Are you saying that eliminating certain types of accidents by being grade-separated, and having no intersections, somehow makes other types of accidents more likely? Would you care to explain why?

        Or, do you agree that the viaduct has far fewer accidents than other stretches of SR99 where it is on the surface, north of the Battery Street Tunnel?

        I’m sure the statistics are available somewhere, if someone knows where to find them.

      8. You are absolutely right: grade-separated limited access roadways are much safer for high speed traffic than surface streets. Therefore Aurora Ave N should be either be restored to a normal arterial street configuration, with stoplights and crosswalks, or it should be expanded through Shoreline into a true highway. The current configuration makes absolutely no sense.

      9. Even if the viaduct is the safest strip of road in the world and goes accident-free for life, its net effect will be more trips overall. And since most (all) trips will include portions driven outside of the viaduct, it will surely result in more total accidents system-wide.
        The safest trip is a trip avoided.

      10. This is false. Nickels’ deputy mayor made that up to try to dampen support for a new viaduct. The “safety walls” would be normal concrete barriers, just like those on the W. Seattle Bridge. You could easily see over them, and have the same great views out over Elliott Bay, and of the city, from the viaduct that hundreds of thousands of people now enjoy on a regular basis.

        You know you might want to go check the current guidelines and standards. I’m pretty sure you’re wrong and that the current rules call for much higher solid barriers than were used in the past. Remember that the West Seattle bridge opened in 1984 and there is a fair chance standards have changed since then.

      11. I am correct. I asked this question in person to the engineers in charge of the project, including Ron Paaninen (spelling?), and they all told me the same thing. I took the “walking tour” of the viaduct at least twice, where these engineers were on the viaduct in person to answer questions. I also attended several open houses on the viaduct replacement where engineers in charge of the project answered this question the same way.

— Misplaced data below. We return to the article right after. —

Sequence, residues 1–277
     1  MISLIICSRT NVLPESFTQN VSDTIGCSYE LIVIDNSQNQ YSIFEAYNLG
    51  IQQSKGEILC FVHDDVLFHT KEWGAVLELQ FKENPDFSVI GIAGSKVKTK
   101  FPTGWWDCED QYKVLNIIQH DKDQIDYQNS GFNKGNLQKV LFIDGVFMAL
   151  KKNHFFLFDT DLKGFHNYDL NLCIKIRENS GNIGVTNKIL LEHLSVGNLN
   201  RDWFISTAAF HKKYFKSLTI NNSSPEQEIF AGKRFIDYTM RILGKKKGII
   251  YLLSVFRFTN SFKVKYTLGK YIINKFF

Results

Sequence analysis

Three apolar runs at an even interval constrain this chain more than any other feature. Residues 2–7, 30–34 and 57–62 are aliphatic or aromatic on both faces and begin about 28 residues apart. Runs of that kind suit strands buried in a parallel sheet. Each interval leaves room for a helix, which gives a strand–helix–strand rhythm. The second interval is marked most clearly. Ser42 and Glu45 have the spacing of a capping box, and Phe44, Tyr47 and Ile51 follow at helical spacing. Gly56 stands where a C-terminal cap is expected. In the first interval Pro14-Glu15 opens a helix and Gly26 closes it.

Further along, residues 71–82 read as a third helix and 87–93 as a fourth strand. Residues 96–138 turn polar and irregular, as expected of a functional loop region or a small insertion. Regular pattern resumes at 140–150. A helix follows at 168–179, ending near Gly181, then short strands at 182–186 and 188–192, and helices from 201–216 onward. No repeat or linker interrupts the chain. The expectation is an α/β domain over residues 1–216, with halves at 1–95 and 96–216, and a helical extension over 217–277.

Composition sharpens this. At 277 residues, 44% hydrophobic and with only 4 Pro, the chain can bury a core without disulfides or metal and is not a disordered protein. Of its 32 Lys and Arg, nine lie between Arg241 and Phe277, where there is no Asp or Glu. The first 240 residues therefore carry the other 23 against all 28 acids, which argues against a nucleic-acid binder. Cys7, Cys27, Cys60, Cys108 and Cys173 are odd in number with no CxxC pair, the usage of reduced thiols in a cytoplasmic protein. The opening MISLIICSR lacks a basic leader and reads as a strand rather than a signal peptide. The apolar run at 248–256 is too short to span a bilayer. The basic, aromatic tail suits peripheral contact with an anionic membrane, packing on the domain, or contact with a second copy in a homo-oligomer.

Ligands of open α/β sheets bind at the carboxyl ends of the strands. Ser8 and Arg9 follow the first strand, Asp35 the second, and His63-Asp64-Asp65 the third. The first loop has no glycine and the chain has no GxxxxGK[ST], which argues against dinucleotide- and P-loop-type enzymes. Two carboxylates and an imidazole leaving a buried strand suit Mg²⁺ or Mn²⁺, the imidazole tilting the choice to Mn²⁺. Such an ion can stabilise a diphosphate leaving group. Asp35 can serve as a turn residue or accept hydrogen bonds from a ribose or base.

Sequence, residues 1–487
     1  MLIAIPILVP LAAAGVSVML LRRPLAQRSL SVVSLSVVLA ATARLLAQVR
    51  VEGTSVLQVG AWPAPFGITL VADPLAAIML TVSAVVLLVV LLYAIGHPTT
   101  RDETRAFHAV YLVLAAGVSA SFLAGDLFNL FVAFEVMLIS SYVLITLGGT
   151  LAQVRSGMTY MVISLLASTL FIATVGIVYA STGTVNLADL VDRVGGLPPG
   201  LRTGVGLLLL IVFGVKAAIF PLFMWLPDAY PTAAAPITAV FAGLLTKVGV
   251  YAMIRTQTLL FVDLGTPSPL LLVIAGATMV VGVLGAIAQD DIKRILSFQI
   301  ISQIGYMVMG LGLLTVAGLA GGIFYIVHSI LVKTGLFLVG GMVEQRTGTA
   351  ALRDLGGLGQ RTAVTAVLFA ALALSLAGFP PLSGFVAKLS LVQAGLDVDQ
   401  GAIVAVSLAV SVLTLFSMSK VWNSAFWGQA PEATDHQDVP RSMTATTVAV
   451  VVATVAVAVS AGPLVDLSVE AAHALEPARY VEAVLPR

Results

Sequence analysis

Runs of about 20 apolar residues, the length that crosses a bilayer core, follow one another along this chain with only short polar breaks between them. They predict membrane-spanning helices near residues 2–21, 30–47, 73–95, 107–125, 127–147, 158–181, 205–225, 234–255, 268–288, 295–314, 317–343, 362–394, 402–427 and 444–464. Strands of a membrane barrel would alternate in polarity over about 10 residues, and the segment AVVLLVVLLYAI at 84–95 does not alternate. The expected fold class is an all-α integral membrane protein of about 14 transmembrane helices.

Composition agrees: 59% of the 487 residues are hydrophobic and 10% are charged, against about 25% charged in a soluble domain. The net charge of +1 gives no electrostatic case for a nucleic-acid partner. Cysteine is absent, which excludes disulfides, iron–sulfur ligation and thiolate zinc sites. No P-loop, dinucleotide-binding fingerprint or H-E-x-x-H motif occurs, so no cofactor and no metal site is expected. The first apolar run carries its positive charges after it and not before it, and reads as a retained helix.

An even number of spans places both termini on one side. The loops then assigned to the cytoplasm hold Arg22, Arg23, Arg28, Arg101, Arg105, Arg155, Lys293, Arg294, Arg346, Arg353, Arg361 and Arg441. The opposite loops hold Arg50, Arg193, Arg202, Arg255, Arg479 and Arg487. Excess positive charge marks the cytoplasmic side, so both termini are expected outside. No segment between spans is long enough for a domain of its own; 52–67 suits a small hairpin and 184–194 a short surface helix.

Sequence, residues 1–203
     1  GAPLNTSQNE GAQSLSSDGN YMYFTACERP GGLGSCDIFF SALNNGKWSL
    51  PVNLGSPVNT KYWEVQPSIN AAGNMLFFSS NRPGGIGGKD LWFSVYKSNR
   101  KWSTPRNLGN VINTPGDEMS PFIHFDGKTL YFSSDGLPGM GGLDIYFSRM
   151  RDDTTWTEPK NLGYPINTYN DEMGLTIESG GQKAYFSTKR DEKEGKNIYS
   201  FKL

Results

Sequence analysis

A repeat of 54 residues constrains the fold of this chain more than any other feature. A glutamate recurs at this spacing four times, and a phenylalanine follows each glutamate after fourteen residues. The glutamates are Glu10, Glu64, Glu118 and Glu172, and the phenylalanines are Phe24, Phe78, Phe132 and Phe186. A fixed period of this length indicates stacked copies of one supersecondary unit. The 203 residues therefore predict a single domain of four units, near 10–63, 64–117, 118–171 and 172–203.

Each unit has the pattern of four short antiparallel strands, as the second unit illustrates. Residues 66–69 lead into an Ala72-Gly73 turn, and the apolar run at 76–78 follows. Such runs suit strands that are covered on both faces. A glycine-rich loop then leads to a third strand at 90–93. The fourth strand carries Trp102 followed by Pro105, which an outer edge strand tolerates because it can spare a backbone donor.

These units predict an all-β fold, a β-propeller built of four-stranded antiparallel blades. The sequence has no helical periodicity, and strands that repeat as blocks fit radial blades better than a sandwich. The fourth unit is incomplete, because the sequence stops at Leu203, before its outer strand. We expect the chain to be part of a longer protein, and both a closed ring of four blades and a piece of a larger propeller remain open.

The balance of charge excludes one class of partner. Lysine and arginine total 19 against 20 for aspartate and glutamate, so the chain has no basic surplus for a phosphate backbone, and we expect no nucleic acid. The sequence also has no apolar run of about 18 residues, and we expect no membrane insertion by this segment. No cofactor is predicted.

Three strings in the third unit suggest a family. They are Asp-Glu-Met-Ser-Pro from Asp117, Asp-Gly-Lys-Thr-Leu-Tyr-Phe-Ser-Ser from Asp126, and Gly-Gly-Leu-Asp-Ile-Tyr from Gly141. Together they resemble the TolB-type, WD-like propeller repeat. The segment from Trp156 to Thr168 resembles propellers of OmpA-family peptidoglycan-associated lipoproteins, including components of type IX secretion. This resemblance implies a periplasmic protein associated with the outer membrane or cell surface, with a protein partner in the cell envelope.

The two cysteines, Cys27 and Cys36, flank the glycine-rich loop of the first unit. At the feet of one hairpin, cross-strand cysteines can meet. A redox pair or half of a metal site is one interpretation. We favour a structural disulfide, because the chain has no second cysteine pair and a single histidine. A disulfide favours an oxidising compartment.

Look at the barriers on the newest roads in our area. All the same standard concrete barriers. The new overpass from Edgar Martinez Way to I-90 floating bridge, for example. That is exactly what would be on a new viaduct.

        What you are repeating is the Tim Ceis lie.

      12. I do not have a definitive source on that point, I am happy to concede it. The point is that those kind of details need to be provided in order for poll respondents to make an informed decision.

        Your comments also highlight another point I was trying to make, which is that the view from the viaduct is one of the major reasons people support it. I cannot deny that it is a fantastic view and I am sorry it no longer available if/when the viaduct is torn down.

      13. Well Tony, if both elevated and tunnel are at 40%, the second choice votes have to break 3-1 for surface/transit in any runoff between S/T and another option.

        That’s a pretty steep hill to climb.

      14. Agreed. It is possible that the results of a rank-choice ballot would not result in a win for ST5.

        However, I would like to see the results of an actual rank-choice survey so that we could all stop speculating about it and actually have the necessary data. If we took it one step further and put a rank-choice question on the ballot, it would put an end to (or at least substantially quell) all this frustration and anger. Even if DBT won in the end, at least it would be perceived as a legitimate win rather than an underhanded maneuver by special interests.

        You also have to factor in my point about including salient details. A lot of people probably formed their response based insufficient or inaccurate information. ST5 is counter intuitive. As such, it would be expected to lose if voters were basing their response on intuition rather than data.

  6. What we need to present is a light rail plan that uses the between 3 and 4 billion for the viaduct replacement/tunnel project to build light rail. That will be popular.